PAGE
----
We have always invested via the Corporation accounts or else I just held large amounts of cash. I have always had serious “cash drag”. Like I said, we pretty much deviated from “optimal” investing but simple habits have allowed us to keep our finances on track.

That has always been my issue with folks who do not seem to be able to save enough. Rather than deal with the biggest issue which is the fact they have meager savings after decades of full time work. They would rather talk about investing. I keep thinking, investments are NOT the problem here.

Furthermore, I firmly believe that the equities market are not less risky the longer one holds an investment. I see it as a percentage game. If one can live on 2% of their liquid wealth, then one can invest as much or as little in the stock market. And I would stay with low cost broad market index funds since picking individual stocks is ever riskier. I am NOT Warren Buffett.

Or one has pension-like income which can cover all their living costs. Few physicians have that. Also many physicians have such high expenses. I often tell my husband that his sister who is a doctor could never retire. No one could generate enough passive income to cover her lifestyle.

It is the regular dull accounting that I partake in that likely keeps our family finances on track. Nowadays the excel sheets do all the heavy lifting.

But there is a great truth that one should track what one cares about.

Enjoy the long weekend!

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Published by Dr. MB

I enjoy the know-nothing, do-nothing approach to investing.

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2 Comments

  1. Hi Dr. MB,

    Like you, I track my net worth monthly, I think it’s worthwhile to keep track of one’s assets and ensure things are increasing every month/year.

    I realize you are attempting to keep things as simple as possible for yourself and for your family (which I commend!), however, with your net worth, things will inevitably get “complicated” due to the magic of compounding. It’s a nice “problem” to have, but nevertheless, it is something to think about. This is what I’ve come to realize as well with my own situation.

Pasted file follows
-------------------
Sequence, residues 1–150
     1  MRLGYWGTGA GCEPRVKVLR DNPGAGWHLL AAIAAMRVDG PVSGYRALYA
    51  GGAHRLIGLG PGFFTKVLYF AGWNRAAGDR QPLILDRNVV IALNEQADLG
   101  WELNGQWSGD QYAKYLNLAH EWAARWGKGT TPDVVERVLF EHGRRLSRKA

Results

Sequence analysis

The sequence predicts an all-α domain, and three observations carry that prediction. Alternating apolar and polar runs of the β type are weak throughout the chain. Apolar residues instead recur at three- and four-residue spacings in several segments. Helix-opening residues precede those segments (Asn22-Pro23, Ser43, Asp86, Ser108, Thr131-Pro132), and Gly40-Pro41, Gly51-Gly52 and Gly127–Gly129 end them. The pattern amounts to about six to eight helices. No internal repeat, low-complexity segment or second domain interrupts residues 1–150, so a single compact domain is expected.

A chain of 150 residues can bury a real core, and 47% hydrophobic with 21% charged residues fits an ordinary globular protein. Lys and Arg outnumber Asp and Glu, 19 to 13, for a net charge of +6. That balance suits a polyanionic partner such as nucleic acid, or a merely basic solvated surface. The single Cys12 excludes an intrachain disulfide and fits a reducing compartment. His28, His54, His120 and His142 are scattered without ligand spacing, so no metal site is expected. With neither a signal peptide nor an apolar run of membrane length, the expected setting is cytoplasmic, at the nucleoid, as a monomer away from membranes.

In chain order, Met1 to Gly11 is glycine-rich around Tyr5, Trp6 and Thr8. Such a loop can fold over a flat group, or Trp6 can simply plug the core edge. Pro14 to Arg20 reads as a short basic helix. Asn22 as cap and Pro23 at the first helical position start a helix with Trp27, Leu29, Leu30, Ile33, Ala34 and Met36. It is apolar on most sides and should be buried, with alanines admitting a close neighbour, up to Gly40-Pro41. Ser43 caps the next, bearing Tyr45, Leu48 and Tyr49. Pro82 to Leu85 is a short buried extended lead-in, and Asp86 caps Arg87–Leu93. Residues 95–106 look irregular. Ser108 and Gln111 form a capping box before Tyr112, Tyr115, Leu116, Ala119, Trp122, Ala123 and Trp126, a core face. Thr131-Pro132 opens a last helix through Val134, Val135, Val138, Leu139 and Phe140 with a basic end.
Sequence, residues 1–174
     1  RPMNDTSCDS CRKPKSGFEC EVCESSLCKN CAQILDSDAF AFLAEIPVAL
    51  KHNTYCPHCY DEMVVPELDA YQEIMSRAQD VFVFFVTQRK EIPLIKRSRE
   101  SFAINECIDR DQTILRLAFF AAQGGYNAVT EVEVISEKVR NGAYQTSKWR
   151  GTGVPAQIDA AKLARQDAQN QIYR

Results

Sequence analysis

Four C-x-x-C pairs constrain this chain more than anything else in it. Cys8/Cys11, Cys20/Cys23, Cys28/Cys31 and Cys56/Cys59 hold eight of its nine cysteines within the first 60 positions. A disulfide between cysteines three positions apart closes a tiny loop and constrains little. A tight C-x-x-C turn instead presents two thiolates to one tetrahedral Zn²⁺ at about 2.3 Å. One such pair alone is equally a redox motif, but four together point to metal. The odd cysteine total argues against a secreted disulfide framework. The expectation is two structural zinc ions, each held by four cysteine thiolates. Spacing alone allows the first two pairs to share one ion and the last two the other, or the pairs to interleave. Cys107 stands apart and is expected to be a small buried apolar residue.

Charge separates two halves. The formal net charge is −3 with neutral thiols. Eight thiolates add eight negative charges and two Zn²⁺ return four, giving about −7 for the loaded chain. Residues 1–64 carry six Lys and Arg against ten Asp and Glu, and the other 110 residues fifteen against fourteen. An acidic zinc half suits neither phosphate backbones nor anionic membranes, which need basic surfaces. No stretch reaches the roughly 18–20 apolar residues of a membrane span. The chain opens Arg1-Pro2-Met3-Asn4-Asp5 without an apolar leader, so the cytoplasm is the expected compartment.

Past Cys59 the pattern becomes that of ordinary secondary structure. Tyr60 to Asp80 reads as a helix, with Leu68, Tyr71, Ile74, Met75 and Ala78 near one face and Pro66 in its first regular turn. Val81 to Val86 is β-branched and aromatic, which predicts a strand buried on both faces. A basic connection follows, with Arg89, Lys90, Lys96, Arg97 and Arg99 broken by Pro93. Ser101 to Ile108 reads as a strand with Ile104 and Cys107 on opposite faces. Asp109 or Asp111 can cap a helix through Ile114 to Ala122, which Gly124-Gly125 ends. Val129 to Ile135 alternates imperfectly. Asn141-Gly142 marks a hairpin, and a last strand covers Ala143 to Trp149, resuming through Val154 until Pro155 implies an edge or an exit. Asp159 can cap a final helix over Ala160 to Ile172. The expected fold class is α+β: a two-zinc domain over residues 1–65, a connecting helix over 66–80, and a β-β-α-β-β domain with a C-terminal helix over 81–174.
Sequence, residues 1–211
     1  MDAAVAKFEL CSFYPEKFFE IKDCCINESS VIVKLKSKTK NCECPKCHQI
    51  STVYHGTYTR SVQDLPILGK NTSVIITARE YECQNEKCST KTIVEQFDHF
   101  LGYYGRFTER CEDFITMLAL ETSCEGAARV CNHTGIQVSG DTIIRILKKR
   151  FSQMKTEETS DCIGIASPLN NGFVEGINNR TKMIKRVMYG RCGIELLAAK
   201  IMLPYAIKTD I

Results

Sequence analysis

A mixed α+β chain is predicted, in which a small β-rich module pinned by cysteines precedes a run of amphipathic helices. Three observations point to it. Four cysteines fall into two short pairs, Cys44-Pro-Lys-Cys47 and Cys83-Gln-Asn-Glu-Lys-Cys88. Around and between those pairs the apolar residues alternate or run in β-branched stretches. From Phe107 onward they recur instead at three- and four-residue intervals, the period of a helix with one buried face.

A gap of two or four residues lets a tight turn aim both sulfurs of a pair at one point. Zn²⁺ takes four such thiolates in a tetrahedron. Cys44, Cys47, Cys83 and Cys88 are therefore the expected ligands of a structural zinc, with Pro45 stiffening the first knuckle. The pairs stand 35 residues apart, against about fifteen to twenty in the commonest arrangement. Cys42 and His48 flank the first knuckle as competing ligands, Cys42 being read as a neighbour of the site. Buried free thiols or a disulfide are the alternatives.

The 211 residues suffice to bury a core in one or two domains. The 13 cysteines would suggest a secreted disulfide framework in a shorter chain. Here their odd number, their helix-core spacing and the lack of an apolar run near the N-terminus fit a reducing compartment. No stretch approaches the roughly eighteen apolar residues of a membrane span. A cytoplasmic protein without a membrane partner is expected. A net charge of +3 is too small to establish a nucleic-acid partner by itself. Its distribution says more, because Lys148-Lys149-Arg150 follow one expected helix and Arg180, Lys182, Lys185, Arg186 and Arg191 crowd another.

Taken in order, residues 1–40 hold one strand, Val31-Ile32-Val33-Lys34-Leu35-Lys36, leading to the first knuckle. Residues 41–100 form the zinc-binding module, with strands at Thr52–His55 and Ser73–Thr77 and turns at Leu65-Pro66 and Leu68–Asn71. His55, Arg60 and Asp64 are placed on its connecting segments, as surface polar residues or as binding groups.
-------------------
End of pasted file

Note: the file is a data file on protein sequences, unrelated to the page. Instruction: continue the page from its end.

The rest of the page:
I’m sure you’ve done this already, but I just plugged in your current net worth of $9.2mil into an investment growth calculator, assumed NO additional savings/contributions, and plugged in a very doable conservative 5% rate of return per year. Your net worth in 25 years will be >$31mil. In 30 years, it will be >$39mil. It will be a massive estate.

    Estate planning is definitely a topic I’ve neglected to learn much about (since it’s not fun!), but I’ve come to realize this is a topic which is unavoidable and becomes more important as one’s net worth grows.

    I am hoping some other blogger smarter than me will cover this topic so that I can ride their coattails! 🙂

    Hope you are enjoying the long weekend with your family!

    1. Hey DN!

      In 30 years I may be too old to give a crap. That is if I am lucky to still be around then.

      I doubt my RE will appreciate at 5%. Plus my husband has been thinking of working part time in a couple of years. Finally!!!

      I will meet with my accountant again this summer. I will certainly let you know if there are any interesting strategies recommended to us.

      And yeah it’s a gorgeous weekend out here. And so relaxing!!!

      Have a great one DN!!!